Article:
A county court has awarded a woman £30,000 from her late father’s estate, despite his wish to disinherit all three of his children. The judgment, which centred on reasonable financial provision for estranged adult offspring, is the first of its kind since the landmark Supreme Court ruling in Ilott in March this year.
Leeds County Court made the award to Elana Nahajec from her father, Stanley Nahajec’s, £240,000 estate under the Inheritance (Provision for Family and Dependants) Act 1975. Mr Nahajec, who had left a letter explicitly stating that he wished to disinherit his children, bequeathed his entire estate to his friend Stephen Fowle. Mark Nahajec, a half-sibling of Elena, made a claim under the act that was settled for £22,000. Mr Fowle, who reportedly had already spent the entire £240,000 inheritance, had to borrow money to settle Mark Nahajec’s claim.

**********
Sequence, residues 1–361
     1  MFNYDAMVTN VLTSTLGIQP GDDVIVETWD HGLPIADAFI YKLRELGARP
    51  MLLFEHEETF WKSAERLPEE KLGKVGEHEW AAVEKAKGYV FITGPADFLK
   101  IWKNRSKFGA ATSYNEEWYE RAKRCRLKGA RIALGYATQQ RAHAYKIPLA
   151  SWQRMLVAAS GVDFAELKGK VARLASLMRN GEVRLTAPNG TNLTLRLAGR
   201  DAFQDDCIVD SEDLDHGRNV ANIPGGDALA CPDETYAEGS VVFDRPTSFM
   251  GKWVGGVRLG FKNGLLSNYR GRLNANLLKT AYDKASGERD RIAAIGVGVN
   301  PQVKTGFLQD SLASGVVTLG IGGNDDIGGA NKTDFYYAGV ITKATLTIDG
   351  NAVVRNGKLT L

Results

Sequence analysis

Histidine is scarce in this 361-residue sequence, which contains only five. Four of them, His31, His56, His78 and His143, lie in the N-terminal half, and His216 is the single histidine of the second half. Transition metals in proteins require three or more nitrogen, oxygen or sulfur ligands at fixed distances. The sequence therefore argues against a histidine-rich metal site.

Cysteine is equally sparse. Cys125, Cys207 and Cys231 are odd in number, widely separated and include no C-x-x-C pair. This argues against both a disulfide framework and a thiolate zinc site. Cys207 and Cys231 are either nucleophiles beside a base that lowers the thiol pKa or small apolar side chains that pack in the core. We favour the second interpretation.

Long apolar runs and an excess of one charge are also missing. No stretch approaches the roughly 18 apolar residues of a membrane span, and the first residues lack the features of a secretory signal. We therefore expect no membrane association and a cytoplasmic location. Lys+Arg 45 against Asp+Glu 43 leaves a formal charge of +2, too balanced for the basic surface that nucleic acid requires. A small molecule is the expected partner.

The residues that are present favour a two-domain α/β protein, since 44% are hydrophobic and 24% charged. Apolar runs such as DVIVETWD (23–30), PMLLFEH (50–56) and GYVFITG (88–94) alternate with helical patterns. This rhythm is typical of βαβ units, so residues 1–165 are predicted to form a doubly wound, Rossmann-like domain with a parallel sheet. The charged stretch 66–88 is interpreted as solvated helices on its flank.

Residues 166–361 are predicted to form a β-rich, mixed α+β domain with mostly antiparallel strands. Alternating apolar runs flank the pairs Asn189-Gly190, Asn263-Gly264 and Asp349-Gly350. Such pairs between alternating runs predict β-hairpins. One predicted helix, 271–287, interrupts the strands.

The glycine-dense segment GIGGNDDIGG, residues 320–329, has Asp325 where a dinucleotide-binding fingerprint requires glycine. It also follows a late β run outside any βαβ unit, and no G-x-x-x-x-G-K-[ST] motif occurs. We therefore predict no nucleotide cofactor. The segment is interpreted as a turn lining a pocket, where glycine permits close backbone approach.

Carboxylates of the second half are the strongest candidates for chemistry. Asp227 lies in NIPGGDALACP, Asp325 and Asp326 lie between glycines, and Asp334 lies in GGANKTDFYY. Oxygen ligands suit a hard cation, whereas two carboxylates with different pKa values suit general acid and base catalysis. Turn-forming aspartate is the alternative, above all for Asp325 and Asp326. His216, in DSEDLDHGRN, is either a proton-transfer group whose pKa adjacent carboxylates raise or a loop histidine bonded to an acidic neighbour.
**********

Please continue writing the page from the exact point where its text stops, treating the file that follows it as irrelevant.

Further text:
After the Ilott ruling, it was thought such claims from estranged adult offspring were likely to fail or yield significantly reduced awards. However, in this case, crucially perhaps, the estrangement was sustained by the deceased despite his daughter’s attempts to rekindle the relationship.
In addition, the claim succeeded in part because the daughter planned to train as a veterinary nurse. The judge noted: “£30,000 is my best estimate of the capitalised cost of maintenance for a reasonable time going forward to take into account the possibility, albeit contingent, of the claimant undertaking a course which ultimately results in her becoming a veterinary nurse.”
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